Other Free Encyclopedias » Law Library - American Law and Legal Information » Notable Trials and Court Cases - 1833 to 1882

Ex Parte McCardle - Significance, Congress Denies Mccardle Access To Supreme Court, Congress Could Not Be Denied, Reconstruction

decision press petitioner washington

Petitioner

United States

Respondent

William H. McCardle

Petitioner's Claim

That McCardle had incited insurrection and impeded post-Civil War Reconstruction.

Chief Lawyers for Petitioner

Matthew H. Carpenter, Lyman Trumbull

Chief Lawyers for Respondent

Jeremiah S. Black, David Dudley Field, Charles O'Conor, W. L. Sharkey, Robert J. Walker

Justices for the Court

Salmon Portland Chase (writing for the Court), Nathan Clifford, David Davis, Robert Cooper Grier, Stephen Johnson Field, Samuel Freeman Miller, Samuel Nelson, Noah Haynes Swayne

Justices Dissenting

None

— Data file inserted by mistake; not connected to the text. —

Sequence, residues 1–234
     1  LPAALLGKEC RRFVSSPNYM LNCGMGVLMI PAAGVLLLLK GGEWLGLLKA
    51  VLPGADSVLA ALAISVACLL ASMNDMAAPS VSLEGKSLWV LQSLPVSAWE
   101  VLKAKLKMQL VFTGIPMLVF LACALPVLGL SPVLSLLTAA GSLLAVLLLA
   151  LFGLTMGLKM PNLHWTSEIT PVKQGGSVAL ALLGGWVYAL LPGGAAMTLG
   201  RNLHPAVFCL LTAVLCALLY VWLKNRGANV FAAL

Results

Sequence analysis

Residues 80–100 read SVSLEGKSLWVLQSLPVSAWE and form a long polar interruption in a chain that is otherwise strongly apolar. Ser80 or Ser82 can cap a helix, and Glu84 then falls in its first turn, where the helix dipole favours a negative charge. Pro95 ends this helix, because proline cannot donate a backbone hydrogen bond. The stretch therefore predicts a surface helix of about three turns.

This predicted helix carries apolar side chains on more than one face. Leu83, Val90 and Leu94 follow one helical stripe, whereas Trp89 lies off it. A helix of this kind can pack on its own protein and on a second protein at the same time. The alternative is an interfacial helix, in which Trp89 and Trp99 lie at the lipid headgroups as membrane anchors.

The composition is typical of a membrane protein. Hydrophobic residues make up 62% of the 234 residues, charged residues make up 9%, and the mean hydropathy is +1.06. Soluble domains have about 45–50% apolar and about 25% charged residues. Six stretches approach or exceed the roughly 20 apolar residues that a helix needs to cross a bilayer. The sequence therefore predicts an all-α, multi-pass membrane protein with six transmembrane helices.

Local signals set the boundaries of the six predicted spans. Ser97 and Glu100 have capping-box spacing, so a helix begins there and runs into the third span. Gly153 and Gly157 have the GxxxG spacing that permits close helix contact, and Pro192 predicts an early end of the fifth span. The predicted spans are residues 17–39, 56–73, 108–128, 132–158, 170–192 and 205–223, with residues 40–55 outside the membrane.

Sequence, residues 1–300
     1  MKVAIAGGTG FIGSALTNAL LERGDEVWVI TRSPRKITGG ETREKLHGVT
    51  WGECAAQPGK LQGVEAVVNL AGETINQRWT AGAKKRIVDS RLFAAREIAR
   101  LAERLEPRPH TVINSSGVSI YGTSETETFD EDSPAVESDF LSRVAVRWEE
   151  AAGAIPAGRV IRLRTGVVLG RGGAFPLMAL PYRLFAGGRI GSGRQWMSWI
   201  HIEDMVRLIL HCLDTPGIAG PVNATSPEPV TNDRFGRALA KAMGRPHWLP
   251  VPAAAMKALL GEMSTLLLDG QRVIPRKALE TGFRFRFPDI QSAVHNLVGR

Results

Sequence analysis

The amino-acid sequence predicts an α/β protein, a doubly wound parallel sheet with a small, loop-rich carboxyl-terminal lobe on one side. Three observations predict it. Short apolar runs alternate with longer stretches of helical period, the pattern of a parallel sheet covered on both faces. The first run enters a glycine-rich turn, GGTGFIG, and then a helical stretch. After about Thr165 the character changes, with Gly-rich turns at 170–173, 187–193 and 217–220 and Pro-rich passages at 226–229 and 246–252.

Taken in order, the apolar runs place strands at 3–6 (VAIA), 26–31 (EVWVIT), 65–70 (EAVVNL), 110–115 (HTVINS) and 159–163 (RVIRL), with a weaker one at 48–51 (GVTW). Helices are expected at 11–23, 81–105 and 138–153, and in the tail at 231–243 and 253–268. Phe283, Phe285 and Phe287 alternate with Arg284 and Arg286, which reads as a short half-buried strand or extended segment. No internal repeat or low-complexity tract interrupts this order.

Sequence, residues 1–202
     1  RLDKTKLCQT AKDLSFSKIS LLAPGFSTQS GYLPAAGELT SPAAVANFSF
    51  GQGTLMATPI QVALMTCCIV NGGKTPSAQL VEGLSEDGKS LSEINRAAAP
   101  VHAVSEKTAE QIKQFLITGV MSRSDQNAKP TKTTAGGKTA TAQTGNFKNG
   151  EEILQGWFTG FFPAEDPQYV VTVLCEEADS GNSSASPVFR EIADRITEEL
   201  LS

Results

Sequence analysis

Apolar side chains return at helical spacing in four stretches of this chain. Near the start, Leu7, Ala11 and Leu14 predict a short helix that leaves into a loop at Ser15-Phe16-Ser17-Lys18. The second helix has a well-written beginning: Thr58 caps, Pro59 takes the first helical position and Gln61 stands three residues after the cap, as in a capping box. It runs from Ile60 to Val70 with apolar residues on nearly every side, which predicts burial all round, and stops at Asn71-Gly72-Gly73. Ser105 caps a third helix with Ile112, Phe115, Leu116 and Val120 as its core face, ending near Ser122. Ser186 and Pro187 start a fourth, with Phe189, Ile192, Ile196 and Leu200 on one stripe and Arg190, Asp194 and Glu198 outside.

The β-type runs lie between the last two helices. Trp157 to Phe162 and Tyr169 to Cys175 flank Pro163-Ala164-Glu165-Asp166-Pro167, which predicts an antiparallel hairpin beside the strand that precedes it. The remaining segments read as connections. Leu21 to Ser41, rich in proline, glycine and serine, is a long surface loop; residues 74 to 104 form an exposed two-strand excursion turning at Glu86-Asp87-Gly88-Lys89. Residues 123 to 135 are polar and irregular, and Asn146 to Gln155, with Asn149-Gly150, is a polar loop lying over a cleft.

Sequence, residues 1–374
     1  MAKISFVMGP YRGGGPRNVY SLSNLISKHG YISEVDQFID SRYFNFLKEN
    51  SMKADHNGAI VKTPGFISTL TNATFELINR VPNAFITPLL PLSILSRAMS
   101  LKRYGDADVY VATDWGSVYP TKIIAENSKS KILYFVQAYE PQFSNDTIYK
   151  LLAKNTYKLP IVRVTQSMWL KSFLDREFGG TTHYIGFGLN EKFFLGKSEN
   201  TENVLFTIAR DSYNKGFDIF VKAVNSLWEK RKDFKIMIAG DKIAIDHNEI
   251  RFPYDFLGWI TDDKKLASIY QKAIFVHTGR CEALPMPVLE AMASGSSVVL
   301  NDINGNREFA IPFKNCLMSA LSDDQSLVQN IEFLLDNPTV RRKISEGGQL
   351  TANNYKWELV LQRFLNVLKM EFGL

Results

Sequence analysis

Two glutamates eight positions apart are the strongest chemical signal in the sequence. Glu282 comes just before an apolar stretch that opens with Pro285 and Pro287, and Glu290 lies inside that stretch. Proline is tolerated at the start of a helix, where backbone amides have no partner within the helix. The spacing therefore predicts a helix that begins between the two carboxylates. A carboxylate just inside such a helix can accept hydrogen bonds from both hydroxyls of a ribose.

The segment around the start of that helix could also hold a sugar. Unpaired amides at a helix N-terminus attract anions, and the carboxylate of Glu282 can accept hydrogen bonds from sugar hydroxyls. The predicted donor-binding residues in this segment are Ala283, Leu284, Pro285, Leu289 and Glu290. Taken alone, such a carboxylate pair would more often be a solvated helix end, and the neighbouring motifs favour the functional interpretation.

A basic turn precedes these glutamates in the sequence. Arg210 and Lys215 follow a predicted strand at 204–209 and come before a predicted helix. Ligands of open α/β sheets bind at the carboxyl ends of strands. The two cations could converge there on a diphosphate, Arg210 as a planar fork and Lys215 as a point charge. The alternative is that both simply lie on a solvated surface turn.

Place

Washington, D.C.

Date of Decision

12 April 1869

Decision

That the Supreme Court was without jurisdiction to render a decision, because Congress had repealed certain appeals legislation.

Related Cases

  • Toth v. Quarles, 350 U.S. 11 (1955).
  • Westmoreland v. CBS, 770 F. 2d 1168 (1984).

Sources

Hurwitz, Howard L. An Encyclopedic Dictionary of American History, New York: Washington Square Press, 1974.

Further Readings

  • Franklin, John Hope. Reconstruction: After the Civil War. Chicago: University of Chicago Press, 1961.
  • Morris, Richard B. Encyclopedia of American History. New York: Harper & Row, 1982.
  • Tortora, Anthony. "Ex parte McCardle." National Review, September 19, 1980, pp. 1140-1141, 1157.
  • Trefousse, Hans L. Historical Dictionary of Reconstruction. Westport, CT: Greenwood Press, 1991.
Ex Parte McCardle: 1868 - Congress Denies Mccardle Access To Supreme Court, Congress Could Not Be Denied [next] [back] Ex parte Garland - Significance

User Comments

Your email address will be altered so spam harvesting bots can't read it easily.
Hide my email completely instead?

Cancel or